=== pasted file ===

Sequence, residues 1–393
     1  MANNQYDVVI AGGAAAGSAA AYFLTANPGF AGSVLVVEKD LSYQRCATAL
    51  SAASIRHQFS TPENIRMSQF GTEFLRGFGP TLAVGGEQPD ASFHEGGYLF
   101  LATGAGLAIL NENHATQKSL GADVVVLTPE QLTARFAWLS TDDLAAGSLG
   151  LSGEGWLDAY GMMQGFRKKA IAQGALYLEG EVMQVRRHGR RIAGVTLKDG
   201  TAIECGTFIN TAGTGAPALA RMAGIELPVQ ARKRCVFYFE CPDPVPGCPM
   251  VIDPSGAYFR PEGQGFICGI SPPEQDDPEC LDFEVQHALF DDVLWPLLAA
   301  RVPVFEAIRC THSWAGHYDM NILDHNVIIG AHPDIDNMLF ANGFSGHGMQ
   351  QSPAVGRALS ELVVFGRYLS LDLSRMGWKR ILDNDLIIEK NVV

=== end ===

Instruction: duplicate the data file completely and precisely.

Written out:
Sequence, residues 1–393
     1  MANNQYDVVI AGGAAAGSAA AYFLTANPGF AGSVLVVEKD LSYQRCATAL
    51  SAASIRHQFS TPENIRMSQF GTEFLRGFGP TLAVGGEQPD ASFHEGGYLF
   101  LATGAGLAIL NENHATQKSL GADVVVLTPE QLTARFAWLS TDDLAAGSLG
   151  LSGEGWLDAY GMMQGFRKKA IAQGALYLEG EVMQVRRHGR RIAGVTLKDG
   201  TAIECGTFIN TAGTGAPALA RMAGIELPVQ ARKRCVFYFE CPDPVPGCPM
   251  VIDPSGAYFR PEGQGFICGI SPPEQDDPEC LDFEVQHALF DDVLWPLLAA
   301  RVPVFEAIRC THSWAGHYDM NILDHNVIIG AHPDIDNMLF ANGFSGHGMQ
   351  QSPAVGRALS ELVVFGRYLS LDLSRMGWKR ILDNDLIIEK NVV